This article addresses that these mutations aren't random though, like there is something structuring the DNA changes. I bet they will find a pattern to these mutations of the DNA. It is not like cancer, it seems that this is common to a lot of people. It appears to be a possible positive adaptation so a person can adapt to evolutionary changes within his lifetime. So your organs can mutate to allow for some changes in diet. These changes cannot be passed on to offspring though, the diet has to be taught to the young. It could go the other way though, with negative effects. Genetic specific changeability passed on through teaching. One diet cannot fit all, one diet can negatively effect another person by either eliminating necessary mutations or causing troublesome mutations.

This evidence could play a major role in defining nutrigenomic changes in the body. I think they also refer to this as Epigenomic. It is not only the nutrients that we presently recognize but the chemical structure of the foods that can effect these things. The plants defense system and immune system chemicals, the chemicals that give different foods an either good or blah taste, may be important. A chicken that runs around eating bugs and weeds tastes a lot better than one in an environment void of these. It is because the chemistry of the meat is different, possibly supplying us with chemicals to establish necessary things.

This information kind of blows the present way we look at things out of the water.



posted on Nov, 10 2013 @ 10:55 AM
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reply to post by opopanax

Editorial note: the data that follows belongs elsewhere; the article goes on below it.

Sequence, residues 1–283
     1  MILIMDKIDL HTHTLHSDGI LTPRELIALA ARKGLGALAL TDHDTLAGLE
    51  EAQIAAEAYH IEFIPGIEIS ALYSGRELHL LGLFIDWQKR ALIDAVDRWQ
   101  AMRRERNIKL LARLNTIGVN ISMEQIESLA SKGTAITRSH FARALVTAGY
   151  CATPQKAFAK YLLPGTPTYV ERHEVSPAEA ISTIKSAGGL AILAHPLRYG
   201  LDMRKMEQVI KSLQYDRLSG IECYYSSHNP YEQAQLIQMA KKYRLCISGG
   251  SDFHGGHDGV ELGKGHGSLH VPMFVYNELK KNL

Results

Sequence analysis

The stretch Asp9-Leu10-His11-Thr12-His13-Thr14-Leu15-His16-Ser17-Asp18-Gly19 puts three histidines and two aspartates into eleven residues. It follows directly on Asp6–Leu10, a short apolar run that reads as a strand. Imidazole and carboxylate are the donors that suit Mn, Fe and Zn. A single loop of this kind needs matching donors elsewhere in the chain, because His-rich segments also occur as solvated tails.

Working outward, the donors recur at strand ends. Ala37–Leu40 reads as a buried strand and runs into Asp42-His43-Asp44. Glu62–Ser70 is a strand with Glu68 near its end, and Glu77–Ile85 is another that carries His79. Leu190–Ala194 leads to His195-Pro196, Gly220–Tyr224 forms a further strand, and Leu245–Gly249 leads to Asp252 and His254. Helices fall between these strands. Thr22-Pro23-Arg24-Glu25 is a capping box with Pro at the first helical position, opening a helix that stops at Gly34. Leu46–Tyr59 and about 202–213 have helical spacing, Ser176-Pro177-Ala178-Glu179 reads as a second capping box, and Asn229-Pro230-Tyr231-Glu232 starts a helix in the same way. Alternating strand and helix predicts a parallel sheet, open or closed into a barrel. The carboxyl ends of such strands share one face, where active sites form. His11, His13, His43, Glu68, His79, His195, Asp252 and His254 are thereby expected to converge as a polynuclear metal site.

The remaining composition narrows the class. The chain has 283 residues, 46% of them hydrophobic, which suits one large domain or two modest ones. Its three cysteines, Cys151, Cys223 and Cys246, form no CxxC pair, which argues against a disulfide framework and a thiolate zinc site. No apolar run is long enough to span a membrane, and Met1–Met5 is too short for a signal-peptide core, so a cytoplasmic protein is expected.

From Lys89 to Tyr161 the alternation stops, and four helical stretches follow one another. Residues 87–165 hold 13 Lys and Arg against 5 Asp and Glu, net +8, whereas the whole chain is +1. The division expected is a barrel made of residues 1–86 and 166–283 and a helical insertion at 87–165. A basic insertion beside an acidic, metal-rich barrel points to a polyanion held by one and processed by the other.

The skeletal tissue includes cartiledge and also tendons and muscle attachment materials. The altering of this can either cause good or bad results. The kidneys and liver detox the body, maybe the change in genetics here helps to protect the body or it can actually cause problems if it does not mutate correctly.



posted on Nov, 10 2013 @ 11:25 AM
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reply to post by rickymouse
 


I think they also refer to this as Epigenomic. ...
This information kind of blows the present way we look at things out of the water.


Not epigenetics - this is about genetic mutation/change - while epigenetics refers to changes that are NOT genetic (don't affect genes).

Yes - this does blow lots out of the water. For one thing, genetic inheritance is even more different than what we were taught, and Eugenics is even more of a crock than it was previously proved to be.




PS. S&F for a GREAT find.



edit on 10/11/13 by soficrow because: add ps



posted on Nov, 10 2013 @ 11:29 AM
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reply to post by rickymouse
 


One of the BIG implications here has to do with organ transplants - organs have to be genetically matched to prevent rejection. Given these findings, any tests need to be done on the actual organ, not the 'donor.'

Things are just getting curiouser and curiouser.



posted on Nov, 10 2013 @ 11:58 AM
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reply to post by soficrow
 


To me this information backs my hypothesis that as you age and eat different foods, you may not be able to return to eating the same foods as you did when you were very young or as your parents did. These changes in the DNA in the liver may mean that evolution within your personal lifetime can effect your livers ability to detox. It also gives me the idea that genetic changes can cause personal genetic diseases that your children will never get if their evolution does not follow your path. The kids get a second chance at starting anew. It appears that kids can follow their grandparents ways while we may not be able to.



posted on Nov, 10 2013 @ 12:08 PM
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soficrow
reply to post by rickymouse
 


One of the BIG implications here has to do with organ transplants - organs have to be genetically matched to prevent rejection. Given these findings, any tests need to be done on the actual organ, not the 'donor.'

Things are just getting curiouser and curiouser.










I must be getting a little nuts, information like this actually gets me exited. It is probably boring to most people so I guess I do not fit into the norm of society well anymore.